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Observers Doubt Burmese Government's Overtures

Burma's democracy icon Aung San Suu Kyi and President Thein Sein pose for photos before their meeting at the presidential office in Naypyitaw, August 19, 2011

Burma's democracy icon Aung San Suu Kyi and President Thein Sein pose for photos before their meeting at the presidential office in Naypyitaw, August 19, 2011

Burma's normally defiant authorities have in recent weeks been welcoming their domestic and international critics for candid discussions. They have also slightly loosened their iron-clad grip on the media, leading observers to speculate on whether authorities could be softening their hard-line position. Analysts and rights activists have welcomed the moves but have dismissed suggestions that it represents any substantive change.

The United States special envoy for Burma, Derek Mitchell, is in the country this week meeting with representatives of the military-dominated government, the political opposition and activists.

Mitchell's visit is his first as U.S. special envoy and the latest in a series of meetings between authorities in Burma and their critics.

In August, Burma allowed the visit of United Nations special rapporteur on human rights in Burma, Tomas Ojea Quintana.

He has been spear-heading calls for a U.N. commission of inquiry for possible crimes against humanity and was previously denied requests to visit.

Burmese President Thein Sein also met with pro-democracy leader Aung San Suu Kyi, who spent almost two decades under house arrest for challenging military rule and was just released last year.

Both leaders described the talks as friendly.

Will Thein Sein be a reformer?

Carl Thayer is a professor of politics at Australia's University of New South Wales. He says the diplomatic moves by Thein Sein's government have raised hopes that he might become a historic reformer like South Africa's apartheid-era president, Frederik Willem de Klerk.

"It shows the president in a new light. People are debating whether he's a puppet of Than Shwe, the military man behind the scenes, or whether he's the F.W. de Klerk who is going to usher in a new period. I think we shouldn't be too premature in seeing 'the opening' occurring but we can see positive trends and then speculate as to the reasons for them,"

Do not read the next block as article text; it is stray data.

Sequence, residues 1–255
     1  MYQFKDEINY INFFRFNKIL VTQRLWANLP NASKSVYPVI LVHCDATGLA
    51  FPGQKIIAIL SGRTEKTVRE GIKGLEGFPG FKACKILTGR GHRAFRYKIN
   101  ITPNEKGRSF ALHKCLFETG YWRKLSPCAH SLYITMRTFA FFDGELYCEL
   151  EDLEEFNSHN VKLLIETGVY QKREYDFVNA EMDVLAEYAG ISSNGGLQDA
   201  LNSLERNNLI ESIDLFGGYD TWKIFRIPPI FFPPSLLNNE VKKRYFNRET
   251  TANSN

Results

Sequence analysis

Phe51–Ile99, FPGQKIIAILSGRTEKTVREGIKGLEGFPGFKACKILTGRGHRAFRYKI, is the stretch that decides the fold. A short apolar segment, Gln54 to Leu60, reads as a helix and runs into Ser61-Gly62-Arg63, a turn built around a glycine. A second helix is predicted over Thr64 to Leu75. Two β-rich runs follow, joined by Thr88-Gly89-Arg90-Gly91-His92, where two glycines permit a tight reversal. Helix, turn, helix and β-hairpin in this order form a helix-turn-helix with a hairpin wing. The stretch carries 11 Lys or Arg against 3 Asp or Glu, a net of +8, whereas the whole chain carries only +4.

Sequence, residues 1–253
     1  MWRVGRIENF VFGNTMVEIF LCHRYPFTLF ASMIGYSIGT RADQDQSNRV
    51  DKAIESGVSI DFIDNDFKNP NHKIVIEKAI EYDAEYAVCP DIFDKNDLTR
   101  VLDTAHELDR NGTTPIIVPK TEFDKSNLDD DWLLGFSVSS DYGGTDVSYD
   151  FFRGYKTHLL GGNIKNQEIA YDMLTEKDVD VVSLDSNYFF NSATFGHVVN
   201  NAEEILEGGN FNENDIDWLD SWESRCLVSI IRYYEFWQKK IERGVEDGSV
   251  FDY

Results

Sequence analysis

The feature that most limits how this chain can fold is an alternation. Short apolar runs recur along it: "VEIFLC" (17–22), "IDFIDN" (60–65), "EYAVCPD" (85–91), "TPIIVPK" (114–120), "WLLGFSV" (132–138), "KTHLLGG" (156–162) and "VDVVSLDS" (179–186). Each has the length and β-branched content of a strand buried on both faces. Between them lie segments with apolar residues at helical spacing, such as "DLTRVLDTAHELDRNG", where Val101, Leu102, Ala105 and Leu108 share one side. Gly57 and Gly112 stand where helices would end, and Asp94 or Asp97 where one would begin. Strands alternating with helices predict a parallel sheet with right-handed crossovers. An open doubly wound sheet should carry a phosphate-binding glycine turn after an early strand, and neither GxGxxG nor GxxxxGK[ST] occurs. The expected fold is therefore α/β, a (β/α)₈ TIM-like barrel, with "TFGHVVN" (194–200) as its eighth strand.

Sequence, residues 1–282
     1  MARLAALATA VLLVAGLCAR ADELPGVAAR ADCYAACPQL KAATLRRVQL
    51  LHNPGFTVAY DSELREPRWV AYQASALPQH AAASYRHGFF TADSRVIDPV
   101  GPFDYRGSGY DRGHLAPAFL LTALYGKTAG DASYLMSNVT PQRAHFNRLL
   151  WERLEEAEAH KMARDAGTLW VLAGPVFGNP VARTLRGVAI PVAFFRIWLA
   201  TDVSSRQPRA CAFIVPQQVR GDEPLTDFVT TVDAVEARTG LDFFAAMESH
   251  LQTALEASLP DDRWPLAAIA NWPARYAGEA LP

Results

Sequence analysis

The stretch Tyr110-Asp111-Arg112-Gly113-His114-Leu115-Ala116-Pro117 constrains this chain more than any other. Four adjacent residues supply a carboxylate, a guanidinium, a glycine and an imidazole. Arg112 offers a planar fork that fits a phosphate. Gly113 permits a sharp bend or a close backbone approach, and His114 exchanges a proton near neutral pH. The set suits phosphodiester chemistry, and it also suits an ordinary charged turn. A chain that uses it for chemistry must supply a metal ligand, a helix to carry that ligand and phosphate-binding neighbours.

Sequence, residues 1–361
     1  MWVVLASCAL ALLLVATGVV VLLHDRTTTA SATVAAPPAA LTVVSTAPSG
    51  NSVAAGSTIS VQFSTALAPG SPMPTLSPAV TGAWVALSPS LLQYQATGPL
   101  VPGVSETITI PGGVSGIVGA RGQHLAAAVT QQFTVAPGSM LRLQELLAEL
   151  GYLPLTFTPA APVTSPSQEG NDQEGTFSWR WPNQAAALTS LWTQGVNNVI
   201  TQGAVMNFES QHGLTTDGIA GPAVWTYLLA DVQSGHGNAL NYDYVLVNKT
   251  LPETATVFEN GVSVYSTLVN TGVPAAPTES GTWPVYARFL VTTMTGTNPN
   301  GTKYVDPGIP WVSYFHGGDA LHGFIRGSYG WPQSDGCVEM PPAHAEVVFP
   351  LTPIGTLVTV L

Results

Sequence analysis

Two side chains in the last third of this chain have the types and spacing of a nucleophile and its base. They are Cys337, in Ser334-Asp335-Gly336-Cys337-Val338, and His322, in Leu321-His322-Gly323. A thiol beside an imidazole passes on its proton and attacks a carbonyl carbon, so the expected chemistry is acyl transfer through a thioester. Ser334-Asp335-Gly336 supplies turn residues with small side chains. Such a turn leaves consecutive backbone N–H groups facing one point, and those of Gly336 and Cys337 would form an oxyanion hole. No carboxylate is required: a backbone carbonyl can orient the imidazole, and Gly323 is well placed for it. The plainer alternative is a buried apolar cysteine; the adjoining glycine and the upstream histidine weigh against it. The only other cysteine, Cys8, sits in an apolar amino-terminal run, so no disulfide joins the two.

In recent weeks, President Thein Sein called for peace talks with rebel groups, invited political exiles who fled persecution to return home, and set up the government’s first human rights commission.

Journalists were for the first time invited to observe legislative debates.

Burma's strict censors also allowed some positive media reports about Aung San Suu Kyi and toned-down regular propaganda condemning the BBC, VOA and other western media.

Are changes real?

However, political analysts and rights activists point out military leaders have taken similar actions in the past only to reverse course when it suits their purpose.

At least one dissident journalist who took Thein Sein’s offer and returned to the country was immediately detained and questioned at the airport.

And authorities punished a local journal that published Aung San Suu Kyi’s first interview in years with a domestic publication.

Benjamin Zawacki, a Burma researcher for Amnesty International, says any hints of reform in Burma should be greeted with skepticism.

"And so, we've seen this before, perhaps as a concession on the part of the government, perhaps as a means of deflecting international criticism. But, it has not ever translated into real progress on the ground in human rights," said Zawacki. "And, I think the real measure of whether or not these moves on the part of the government are real or simply strategic or simply window dressing will be determined by actual events on the ground.”

Zawacki notes more than 2,000 political prisoners remain behind bars in Burma despite ongoing international pressure.

'Polishing international image'

He says authorities are polishing their international image in hopes of getting western economic sanctions lifted.

Burma also wants to chair the Association of Southeast Asian Nations in 2014. It was previously pressured out of its turn in the prestigious role so as not to embarrass the regional group.

Burma has for decades been dominated by the military and its fight against ethnic rebels seeking autonomy. The result has been tight controls on society and one of the world's worst human rights records.

'Military still in control'

Bertil Lintner, a Thailand-based author on politics in Burma, says the military is still firmly in control. He say only internal disobedience will bring about real political change. Lintner points out that dissent within the ranks was crucial for bringing down former military governments in South Korea, the Philippines, and Indonesia.

"And I cannot see Burma changing in any other way," he said. "As long as the military remains united, and they are very united, there won't be any fundamental changes of the present power structure in the country. And, certainly, no steps toward real democracy."

Elections in 2010 brought Thein Sein to power but were widely condemned as a sham designed to cement harsh military rule in the guise of democracy.

Even before the vote, the military-drafted constitution gave it a quarter of all seats in parliament. And the polls were marred by fraud and intimidation.

The main opposition, Aung San Suu Kyi’s National League for Democracy, boycotted the election because of unfair rules that banned her from running for office.

The NLD won Burma’s previous election in 1990 by a landslide but the military refused to give up power.